Oral
Thu Jul 12th 05:50 -- 06:00 PM @ A7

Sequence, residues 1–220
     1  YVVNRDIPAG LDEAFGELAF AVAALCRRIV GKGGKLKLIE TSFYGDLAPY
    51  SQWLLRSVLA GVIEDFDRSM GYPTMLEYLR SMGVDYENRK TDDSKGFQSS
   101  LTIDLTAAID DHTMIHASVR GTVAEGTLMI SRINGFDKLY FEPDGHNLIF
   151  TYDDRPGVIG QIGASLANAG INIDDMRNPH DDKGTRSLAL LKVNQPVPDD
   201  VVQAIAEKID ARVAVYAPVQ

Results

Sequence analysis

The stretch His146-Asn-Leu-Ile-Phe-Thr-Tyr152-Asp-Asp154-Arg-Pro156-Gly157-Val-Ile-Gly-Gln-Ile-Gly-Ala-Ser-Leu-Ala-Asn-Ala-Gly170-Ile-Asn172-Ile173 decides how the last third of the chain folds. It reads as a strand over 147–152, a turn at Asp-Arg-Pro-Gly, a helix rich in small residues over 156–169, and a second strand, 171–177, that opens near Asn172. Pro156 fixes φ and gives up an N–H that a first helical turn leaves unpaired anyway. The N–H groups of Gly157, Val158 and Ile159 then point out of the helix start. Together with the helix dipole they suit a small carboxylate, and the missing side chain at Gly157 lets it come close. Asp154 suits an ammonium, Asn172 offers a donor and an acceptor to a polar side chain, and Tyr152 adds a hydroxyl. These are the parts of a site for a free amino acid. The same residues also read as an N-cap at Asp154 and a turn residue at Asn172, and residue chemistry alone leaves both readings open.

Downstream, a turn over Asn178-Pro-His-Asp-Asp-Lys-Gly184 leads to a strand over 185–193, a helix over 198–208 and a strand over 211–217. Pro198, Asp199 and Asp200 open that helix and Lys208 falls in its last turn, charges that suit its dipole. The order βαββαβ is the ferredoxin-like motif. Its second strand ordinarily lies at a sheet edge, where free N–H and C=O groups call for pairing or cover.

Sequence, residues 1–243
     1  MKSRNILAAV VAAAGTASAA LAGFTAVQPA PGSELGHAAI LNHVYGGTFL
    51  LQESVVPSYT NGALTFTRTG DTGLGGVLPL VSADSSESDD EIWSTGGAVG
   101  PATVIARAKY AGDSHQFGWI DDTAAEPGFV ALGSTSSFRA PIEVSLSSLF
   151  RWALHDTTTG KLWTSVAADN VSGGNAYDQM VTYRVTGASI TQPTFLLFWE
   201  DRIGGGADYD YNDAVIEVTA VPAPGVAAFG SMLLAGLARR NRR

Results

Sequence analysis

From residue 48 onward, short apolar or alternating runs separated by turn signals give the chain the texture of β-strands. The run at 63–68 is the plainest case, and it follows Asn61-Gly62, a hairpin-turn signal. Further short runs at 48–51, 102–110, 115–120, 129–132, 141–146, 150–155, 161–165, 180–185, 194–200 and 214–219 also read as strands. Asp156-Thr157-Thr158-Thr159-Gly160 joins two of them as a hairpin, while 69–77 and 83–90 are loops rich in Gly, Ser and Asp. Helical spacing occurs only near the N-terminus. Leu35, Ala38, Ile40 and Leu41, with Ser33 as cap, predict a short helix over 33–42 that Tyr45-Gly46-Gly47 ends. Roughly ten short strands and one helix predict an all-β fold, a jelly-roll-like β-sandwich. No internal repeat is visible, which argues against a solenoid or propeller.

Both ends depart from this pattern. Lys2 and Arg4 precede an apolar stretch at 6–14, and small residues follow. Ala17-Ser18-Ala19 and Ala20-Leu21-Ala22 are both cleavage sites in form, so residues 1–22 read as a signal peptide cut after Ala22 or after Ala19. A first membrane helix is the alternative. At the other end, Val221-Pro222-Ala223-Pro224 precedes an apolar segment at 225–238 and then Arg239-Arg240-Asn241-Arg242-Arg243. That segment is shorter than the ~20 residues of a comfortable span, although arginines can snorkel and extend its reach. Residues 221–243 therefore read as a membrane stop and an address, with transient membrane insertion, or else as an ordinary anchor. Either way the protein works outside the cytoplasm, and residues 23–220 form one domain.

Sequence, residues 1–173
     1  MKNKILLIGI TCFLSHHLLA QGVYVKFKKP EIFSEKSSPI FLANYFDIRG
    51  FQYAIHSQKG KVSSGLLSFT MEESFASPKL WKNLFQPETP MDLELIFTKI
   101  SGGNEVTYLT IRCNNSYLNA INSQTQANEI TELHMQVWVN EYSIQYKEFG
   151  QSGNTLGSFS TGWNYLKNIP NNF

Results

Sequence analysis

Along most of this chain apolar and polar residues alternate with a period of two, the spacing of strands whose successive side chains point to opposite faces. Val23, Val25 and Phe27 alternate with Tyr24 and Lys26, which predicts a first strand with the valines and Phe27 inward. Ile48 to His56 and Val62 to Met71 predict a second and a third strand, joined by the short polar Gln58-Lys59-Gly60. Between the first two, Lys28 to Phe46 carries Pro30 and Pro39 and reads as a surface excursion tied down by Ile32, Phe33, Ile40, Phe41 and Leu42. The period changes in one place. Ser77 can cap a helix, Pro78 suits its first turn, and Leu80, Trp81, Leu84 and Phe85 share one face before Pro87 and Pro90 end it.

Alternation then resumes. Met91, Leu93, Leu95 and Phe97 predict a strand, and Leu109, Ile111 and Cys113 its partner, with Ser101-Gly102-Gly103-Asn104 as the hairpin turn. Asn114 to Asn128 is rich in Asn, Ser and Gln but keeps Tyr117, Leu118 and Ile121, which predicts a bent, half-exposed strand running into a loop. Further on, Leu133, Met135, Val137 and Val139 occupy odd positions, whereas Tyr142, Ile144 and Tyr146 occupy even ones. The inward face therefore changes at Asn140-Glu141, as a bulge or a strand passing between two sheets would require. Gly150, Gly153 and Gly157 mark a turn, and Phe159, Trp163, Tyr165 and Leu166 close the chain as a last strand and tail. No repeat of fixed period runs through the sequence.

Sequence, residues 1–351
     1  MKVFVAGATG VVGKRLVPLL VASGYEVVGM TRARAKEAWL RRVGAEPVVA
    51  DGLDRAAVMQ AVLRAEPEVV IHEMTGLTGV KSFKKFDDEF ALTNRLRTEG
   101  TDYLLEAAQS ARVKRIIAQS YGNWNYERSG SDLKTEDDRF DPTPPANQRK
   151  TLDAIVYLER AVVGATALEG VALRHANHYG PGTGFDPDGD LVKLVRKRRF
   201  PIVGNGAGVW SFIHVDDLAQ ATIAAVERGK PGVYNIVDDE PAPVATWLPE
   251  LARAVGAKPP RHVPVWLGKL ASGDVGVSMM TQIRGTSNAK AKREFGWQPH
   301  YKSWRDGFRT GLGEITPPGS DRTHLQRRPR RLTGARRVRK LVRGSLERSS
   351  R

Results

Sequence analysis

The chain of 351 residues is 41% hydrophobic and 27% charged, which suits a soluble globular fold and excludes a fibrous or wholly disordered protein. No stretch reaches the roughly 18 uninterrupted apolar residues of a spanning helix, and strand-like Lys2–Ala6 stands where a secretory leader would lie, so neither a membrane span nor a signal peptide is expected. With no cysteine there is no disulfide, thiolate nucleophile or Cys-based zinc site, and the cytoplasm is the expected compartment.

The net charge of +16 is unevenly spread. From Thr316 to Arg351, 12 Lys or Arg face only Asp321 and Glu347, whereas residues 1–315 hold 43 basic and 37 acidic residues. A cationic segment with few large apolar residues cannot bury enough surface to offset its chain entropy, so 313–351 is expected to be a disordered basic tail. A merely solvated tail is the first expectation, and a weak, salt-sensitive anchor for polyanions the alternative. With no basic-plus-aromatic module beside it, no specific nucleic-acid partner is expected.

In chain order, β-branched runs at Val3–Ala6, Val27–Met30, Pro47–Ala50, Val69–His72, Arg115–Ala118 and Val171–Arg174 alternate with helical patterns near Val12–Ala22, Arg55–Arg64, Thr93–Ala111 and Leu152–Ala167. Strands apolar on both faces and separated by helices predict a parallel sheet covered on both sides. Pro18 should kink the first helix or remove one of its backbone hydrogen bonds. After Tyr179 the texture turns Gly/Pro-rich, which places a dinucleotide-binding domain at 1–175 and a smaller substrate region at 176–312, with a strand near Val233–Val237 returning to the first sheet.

In this paper we study leveraging \emph{confidence information} induced by adversarial training to reinforce adversarial robustness of a given adversarially trained model. A natural measure of confidence is $\|F(\bfx)\|_\infty$ (i.e. how confident $F$ is about its prediction?). We start by analyzing an adversarial training formulation proposed by Madry et al.. We demonstrate that, under a variety of instantiations, an only somewhat good solution to their objective induces confidence to be a discriminator, which can distinguish between right and wrong model predictions in a neighborhood of a point sampled from the underlying distribution. Based on this, we propose Highly Confident Near Neighbor ($\HCNN$), a framework that combines confidence information and nearest neighbor search, to reinforce adversarial robustness of a base model. We give algorithms in this framework and perform a detailed empirical study. We report encouraging experimental results that support our analysis, and also discuss problems we observed with existing adversarial training.